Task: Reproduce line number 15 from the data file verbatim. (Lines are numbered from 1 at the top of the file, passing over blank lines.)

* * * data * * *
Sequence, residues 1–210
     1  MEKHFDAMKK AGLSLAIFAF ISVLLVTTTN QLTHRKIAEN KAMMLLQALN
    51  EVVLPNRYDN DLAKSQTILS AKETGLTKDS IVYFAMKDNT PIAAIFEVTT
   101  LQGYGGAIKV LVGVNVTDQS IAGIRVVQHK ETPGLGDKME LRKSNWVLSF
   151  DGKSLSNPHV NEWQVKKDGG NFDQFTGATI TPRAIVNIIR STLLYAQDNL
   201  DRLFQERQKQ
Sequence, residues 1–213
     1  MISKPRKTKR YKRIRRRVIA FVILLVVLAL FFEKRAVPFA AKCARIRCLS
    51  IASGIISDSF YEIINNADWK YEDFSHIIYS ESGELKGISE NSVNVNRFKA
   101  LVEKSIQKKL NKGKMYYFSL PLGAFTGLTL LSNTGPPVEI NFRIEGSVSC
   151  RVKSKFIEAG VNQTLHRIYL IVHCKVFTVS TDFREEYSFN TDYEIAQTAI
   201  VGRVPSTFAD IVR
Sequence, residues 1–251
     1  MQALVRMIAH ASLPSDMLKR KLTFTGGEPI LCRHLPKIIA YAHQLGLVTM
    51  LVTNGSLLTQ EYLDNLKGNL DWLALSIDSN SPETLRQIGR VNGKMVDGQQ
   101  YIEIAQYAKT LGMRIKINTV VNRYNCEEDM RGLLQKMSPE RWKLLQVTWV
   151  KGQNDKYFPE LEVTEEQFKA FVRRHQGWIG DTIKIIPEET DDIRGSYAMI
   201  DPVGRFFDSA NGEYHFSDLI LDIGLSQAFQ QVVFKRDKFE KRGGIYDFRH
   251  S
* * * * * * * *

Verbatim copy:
    51  LVTNGSLLTQ EYLDNLKGNL DWLALSIDSN SPETLRQIGR VNGKMVDGQQ